Scandinavian countries appear to many to be exceptional social democratic success stories because they are able to maintain economic prosperity while balancing financial equality and social welfare.
So what makes Scandinavia exceptional? According to Nima Sanandaji, a Swedish research fellow at the Centre for Policy Studies in London, the answer is nothing. The Institute of Economic Affairs recently published his book “Scandinavian Unexceptionalism,” which shows that Scandinavia’s successes should not be attributed to its embrace of social democracy in the late 20th century.
In this fluid and easy read, Sanandaji makes a compelling argument that the success of Scandinavian countries is not the result of increased public sector, but rather the free-market principles and work ethic that preceded the welfare state. In fact, the data show that social welfare policies can do more harm than good by hindering overall economic prosperity.
Sanandaji points out that Scandinavia-worshipers are missing an even bigger economic success story: the United States. Many poor Scandinavian farmers emigrated to the U.S. in the late 1800s and early 1900s, many settling in the Upper Midwest. Although most of the immigrants came from poor families, their descendants are wealthier than modern Scandinavians.
Not only are Scandinavian-Americans financially better off than their counterparts, but they have longer life expectancies than those who remained in Scandinavian countries. Poverty is low among Scandinavian Americans, and educational attainment is high. Those who argue in favor of Scandinavian policies based on social outcomes need to explain why American policies lead to even better outcomes among people with a similar cultural background.
Equality Preceded Socialism
Sanandaji argues that Scandinavian countries have been among Europe’s most egalitarian countries since well before the modern welfare state was enacted. He credits the low income inequality, both in the past and the present, to the tight-knit and homogeneous Nordic culture.
Sanandaji compares the Scandinavian countries to Slovenia, Slovakia and the Czech Republic, which have similarly high levels of cultural homogeneity. He shows that they also rank among the lowest in income inequality despite eschewing the Scandinavian welfare model. In fact, the Czech Republic, which has a small government and a flat income tax, has a more equal distribution of income than Sweden.
The influx of immigrants into Scandinavia has changed its demographics and explains part of the recent rise in income inequality. Sanandaji notes that union-controlled labor markets make it difficult for immigrants to integrate into the Nordic labor forces. In Finland and Sweden, the foreign-born have over 8 percentage points higher unemployment rates than do the native-born with the same education levels.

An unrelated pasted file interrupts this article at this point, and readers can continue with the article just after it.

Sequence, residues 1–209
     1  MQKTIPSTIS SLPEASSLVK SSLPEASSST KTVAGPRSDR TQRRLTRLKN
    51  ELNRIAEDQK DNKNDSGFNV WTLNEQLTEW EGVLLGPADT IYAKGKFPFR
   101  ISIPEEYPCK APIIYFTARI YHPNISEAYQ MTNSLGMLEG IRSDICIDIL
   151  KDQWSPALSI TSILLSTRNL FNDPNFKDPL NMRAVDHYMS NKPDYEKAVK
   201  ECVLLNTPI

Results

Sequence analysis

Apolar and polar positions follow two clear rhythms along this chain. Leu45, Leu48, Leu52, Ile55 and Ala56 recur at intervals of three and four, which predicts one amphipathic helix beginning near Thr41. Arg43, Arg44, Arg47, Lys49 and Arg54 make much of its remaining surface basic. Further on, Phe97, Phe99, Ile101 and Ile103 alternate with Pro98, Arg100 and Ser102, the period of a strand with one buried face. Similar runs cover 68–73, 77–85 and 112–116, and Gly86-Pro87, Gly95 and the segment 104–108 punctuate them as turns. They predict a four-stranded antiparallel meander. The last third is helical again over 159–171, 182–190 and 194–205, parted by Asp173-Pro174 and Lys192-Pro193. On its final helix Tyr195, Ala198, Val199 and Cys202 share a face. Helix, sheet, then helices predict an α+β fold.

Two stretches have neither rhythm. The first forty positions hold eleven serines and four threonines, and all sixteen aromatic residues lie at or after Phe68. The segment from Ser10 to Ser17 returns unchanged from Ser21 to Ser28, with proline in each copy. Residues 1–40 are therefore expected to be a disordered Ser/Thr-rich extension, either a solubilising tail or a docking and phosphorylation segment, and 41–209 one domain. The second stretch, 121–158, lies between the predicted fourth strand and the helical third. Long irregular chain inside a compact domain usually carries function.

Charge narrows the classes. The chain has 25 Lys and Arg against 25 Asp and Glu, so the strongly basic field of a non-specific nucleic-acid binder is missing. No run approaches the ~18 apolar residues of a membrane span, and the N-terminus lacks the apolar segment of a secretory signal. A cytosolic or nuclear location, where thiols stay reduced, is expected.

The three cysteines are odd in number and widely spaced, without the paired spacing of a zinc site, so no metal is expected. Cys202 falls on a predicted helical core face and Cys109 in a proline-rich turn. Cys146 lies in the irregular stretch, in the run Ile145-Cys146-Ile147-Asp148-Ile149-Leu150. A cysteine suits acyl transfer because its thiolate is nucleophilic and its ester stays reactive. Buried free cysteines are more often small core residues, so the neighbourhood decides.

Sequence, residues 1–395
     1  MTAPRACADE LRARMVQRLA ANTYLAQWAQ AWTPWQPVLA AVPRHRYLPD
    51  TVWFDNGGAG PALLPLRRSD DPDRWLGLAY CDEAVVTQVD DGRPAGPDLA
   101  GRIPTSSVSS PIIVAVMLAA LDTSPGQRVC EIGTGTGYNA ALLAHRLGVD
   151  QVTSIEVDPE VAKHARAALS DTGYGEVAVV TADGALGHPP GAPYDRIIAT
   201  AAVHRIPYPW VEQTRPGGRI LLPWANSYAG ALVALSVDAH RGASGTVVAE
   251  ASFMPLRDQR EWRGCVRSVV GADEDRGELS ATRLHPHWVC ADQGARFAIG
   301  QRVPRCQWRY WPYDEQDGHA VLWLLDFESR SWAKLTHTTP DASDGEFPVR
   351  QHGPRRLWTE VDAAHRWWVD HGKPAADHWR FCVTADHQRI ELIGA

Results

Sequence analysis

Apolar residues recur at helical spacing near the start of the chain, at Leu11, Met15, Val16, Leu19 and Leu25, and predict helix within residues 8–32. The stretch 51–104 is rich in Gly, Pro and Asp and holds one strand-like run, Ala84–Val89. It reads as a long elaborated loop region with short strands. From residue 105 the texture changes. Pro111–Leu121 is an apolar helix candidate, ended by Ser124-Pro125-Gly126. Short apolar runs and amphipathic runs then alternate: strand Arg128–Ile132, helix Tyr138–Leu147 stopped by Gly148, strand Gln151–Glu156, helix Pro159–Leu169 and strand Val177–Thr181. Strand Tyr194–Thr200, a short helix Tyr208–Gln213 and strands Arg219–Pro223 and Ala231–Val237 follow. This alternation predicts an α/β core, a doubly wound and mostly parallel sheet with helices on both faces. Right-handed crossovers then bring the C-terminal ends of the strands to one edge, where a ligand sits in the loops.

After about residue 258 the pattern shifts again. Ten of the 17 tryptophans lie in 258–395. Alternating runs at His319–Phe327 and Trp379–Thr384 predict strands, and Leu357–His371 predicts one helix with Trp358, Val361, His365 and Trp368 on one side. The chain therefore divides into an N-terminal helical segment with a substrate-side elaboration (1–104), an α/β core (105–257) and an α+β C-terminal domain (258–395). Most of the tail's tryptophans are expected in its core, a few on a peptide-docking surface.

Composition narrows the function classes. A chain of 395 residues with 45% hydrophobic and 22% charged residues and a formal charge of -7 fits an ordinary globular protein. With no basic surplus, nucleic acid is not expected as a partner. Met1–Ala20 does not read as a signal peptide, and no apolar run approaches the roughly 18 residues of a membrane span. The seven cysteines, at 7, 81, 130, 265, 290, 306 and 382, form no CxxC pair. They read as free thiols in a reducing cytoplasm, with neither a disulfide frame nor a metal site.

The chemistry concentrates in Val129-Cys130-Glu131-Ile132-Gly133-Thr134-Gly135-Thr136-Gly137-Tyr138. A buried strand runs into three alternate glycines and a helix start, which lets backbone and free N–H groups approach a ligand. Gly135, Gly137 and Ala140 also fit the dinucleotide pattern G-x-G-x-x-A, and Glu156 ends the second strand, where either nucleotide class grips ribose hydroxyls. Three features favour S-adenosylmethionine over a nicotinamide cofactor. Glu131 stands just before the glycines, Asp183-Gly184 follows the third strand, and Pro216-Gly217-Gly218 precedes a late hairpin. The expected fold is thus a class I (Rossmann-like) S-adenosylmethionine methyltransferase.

The Erosion of Middle-Class Virtues
Sanandaji writes that while Nordic societies have long been known as hardworking, with high levels of trust in government and active civic engagement, these conservative virtues have diminished in recent years thanks to an excess of government dependency.
According to Sanandaji, the wide availability of government benefits has disincentivized work. Thanks to government largesse, an individual can maintain roughly the same standard of living whether he works or not. Such heavy subsidies may stave off economic poverty, but they create what Sanandaji refers to as “social poverty”: lack of self-efficacy due to dependence on government.
The climate of social poverty has shifted the overall attitude of Nordics toward work. An early 1980s World Value Survey showed that at that time, 82 percent of Swedes believed that claiming government benefits to which a person is not entitled was never justifiable. According to the same poll administered in 2010, a mere 55 percent of Swedes still agree with that statement.
Social poverty has real costs. Norway, Sweden and Denmark were all among the top five countries in the world in 1960 life expectancy. They’ve all since dropped down the list. Sandandaji argues that this is not despite their high levels of income replacement for the sick and disabled, but because of it.
The prevalence of sickness benefits is likely the reason a whopping two in five Swedes think that those who experience stress at work, regardless of their physical state, deserve a sickness benefit.